Engaging in Social Media is just like any other “Social” or Networking event. It is not enough to just be there. You need to be involved.

Think about it this way. If you set up a booth at a trades show and sat in a chair in the corner for the duration and never spoke to a soul, what would you expect for results? Social Media is much the same. It requires constant vigilance, updates and response. It is called “Social” Media for a reason. The entire premise of it is to get out and connect with other users. It is about conversing, communicating and networking.

Social Media requires time and effort. It requires consistent maintenance and updates.

5) You Can Just Wing It On Social Media.Small-Business-Plan

There is a misconception that Social Media requires little planning, that one can just post to it as they see fit.

In fairness, Social Media does require a flexible and adaptable controller and the posts can be spur of the moment. When operating a Social Media profile the controller must be prepared for anything, you are engaging people over the anonymity of the internet after all, and that can result in some bizarre interactions.

However, while flexibility is a must, so is an overall strategy. A few things to consider when developing a Social Media strategy:

  1. Why are you on Social Media?
  2. What are you goals?
    • How will you achieve them?
  3. Who are you targeting?
    • How will you find them?
    • How will you approach them?
  4. What content will you need to develop and post?
    • Do you have the means to do so?
    • Who will be in charge of doing so?

Figure our you goals, then determine who you want to connect with to achieve them; how you want to connect with them and what you need to do so? Who in your company is responsible for what? Have a plan to ensure success.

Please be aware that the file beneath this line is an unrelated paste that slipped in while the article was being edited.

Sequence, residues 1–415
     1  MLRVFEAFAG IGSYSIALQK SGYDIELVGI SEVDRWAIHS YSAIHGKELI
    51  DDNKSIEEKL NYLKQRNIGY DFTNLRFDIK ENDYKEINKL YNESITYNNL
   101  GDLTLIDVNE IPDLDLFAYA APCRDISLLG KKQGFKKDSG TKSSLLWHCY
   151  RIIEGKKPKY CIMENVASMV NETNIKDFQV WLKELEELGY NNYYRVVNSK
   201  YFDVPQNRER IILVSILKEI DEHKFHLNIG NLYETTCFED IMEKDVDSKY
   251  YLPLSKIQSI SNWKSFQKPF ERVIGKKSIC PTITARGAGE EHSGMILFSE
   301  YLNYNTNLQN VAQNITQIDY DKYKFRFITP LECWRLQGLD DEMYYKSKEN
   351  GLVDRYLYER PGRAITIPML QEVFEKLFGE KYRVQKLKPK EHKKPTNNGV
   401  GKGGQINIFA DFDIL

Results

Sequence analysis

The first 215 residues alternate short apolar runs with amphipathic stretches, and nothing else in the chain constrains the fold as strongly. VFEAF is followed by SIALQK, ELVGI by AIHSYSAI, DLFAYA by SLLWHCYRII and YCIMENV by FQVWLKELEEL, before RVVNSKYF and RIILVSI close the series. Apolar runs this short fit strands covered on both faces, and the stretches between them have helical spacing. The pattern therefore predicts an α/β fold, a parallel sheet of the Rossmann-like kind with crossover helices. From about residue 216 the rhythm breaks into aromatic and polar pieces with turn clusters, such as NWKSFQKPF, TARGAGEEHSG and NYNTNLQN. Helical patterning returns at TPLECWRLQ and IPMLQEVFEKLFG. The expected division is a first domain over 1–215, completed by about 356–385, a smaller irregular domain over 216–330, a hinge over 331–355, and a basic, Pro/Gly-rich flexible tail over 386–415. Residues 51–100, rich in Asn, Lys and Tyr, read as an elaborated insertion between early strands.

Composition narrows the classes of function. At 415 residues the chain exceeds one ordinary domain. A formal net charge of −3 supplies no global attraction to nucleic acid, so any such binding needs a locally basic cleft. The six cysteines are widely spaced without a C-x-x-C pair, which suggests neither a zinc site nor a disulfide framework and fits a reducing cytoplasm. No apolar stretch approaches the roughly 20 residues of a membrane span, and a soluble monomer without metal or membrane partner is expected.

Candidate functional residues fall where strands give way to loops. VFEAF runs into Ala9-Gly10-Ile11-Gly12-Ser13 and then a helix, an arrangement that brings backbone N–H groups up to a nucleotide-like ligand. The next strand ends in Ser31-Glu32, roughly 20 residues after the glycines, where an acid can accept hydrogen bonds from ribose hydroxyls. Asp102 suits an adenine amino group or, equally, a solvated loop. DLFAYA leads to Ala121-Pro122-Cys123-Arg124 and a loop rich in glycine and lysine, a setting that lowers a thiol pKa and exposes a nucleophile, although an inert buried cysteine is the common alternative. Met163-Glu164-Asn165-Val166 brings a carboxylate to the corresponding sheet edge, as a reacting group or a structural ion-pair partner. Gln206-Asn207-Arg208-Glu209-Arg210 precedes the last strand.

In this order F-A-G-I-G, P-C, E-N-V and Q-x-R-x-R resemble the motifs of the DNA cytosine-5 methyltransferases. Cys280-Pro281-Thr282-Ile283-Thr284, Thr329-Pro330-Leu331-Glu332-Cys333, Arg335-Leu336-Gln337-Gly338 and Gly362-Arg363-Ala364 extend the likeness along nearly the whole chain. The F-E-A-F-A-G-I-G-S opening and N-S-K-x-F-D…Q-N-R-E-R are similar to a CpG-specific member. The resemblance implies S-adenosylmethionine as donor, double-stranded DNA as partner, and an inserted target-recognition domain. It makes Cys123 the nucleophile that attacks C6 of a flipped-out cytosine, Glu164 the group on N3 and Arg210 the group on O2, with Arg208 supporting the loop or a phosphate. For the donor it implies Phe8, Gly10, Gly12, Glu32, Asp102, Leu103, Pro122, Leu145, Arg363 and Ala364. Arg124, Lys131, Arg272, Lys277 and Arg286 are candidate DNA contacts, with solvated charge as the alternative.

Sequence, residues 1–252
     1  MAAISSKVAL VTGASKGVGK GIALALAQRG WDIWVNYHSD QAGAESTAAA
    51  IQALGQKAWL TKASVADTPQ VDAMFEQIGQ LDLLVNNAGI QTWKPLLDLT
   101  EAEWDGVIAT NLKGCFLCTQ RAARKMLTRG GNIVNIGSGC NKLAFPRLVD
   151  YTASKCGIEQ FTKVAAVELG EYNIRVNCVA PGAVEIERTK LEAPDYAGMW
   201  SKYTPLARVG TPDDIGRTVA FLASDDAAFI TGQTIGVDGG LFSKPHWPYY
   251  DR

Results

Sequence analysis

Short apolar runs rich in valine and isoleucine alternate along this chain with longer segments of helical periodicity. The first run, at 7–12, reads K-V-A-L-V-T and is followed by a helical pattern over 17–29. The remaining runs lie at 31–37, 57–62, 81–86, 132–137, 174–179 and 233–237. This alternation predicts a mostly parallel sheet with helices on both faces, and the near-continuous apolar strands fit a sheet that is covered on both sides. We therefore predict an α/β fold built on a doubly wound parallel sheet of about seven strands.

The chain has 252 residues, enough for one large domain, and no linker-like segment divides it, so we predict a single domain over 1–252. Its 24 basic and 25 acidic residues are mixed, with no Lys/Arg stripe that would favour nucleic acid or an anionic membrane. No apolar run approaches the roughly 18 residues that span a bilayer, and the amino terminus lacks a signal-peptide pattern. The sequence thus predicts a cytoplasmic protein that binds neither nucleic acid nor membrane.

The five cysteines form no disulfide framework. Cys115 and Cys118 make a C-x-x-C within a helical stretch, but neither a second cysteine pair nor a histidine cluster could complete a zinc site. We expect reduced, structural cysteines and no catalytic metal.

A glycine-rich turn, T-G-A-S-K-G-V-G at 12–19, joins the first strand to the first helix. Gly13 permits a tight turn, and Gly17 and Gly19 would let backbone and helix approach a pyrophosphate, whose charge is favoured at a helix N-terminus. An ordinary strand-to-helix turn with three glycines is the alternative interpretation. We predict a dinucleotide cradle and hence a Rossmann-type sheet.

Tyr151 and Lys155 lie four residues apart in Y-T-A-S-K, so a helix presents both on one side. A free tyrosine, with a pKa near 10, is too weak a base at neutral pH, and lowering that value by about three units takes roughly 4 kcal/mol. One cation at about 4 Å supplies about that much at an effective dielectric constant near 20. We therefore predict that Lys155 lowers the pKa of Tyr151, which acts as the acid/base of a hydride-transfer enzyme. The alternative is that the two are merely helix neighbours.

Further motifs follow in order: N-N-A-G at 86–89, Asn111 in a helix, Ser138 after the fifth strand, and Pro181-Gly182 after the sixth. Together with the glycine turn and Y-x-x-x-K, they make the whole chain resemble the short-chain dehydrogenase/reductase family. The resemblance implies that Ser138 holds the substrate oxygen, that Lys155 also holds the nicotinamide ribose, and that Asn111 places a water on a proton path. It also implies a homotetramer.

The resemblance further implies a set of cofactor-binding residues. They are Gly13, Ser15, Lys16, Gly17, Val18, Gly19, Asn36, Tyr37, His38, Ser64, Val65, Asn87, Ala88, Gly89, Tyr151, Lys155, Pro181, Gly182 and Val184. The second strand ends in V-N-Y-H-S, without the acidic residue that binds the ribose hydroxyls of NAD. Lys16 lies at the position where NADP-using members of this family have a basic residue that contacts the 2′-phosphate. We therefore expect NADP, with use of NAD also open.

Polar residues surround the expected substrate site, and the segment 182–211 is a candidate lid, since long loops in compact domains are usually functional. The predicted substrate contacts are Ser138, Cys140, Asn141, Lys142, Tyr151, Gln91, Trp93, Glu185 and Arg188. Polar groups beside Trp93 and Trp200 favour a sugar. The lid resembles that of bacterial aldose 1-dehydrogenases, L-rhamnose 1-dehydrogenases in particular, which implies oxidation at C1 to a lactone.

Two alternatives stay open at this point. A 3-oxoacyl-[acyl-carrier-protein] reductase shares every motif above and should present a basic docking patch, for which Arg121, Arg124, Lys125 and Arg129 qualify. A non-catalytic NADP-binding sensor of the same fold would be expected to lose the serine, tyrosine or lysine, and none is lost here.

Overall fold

6) Every Division Of Your Company Needs An Individual Account.

They don’t.

You don’t.

Big corporations often go this route. Many large corporate companies (Kohler, Apple, Coca-Cola etc) have multiple accounts. In fact a report by Altimeter indicates that the average corporation has 178 corporate controlled Social Media accounts. That is an overkill even for companies of monolithic proportions.

The fact is that for every additional Social Media account, you are incurring added costs, added drain on resources and another avenue that can jeopardize the consistency of your brand’s communications. For the small to mid-size business especially, this makes zero sense. In addition, adding multiple accounts divides your efforts, provides far more information to analyze and reduces your overall Social Media reach.

The best plan is to create and build up a single account on whichever platforms you have deemed pertinent. If you have multiple target markets, don’t create multiple accounts, rather diversify the content on a single account, to reach the different targets from one place.

7) Don’t Ask Followers To “Follow, Like or RT” You.

This is a bit of a fair presumption actually. It seems quite forward and rude almost to just come out and ask someone to “Like” you. Yet the truth is that it works. There won’t be any terrible fallout or heckling as a result. You are simply putting it forward to someone – already engaged with your content – to share it. It is a  polite call to action and it is in fact a recommended thing to do.

Don’t abuse it of course, if you are constantly badgering everyone to RT every post… well that may indeed get a little stale.

Okanagan Small Business Marketing

Transition Marketing Services is a small business marketing firm in the Okanagan. Our passion Small Business Marketing. Educating and equipping small business owners with the tools and strategies to succeed. We have made it our priority to know Specialized Marketing. We keep up to date on what is new, what is available and what makes the most sense for businesses of all sizes and backgrounds. We recognize that every Small Business is unique, and their Marketing needs to be as well. Visit us at our website and let us know how we’re doing or if you have any questions.

Branding: Your Prices Must Support Your Image.

Your brand is defined by the quality and price of the services and products you sell.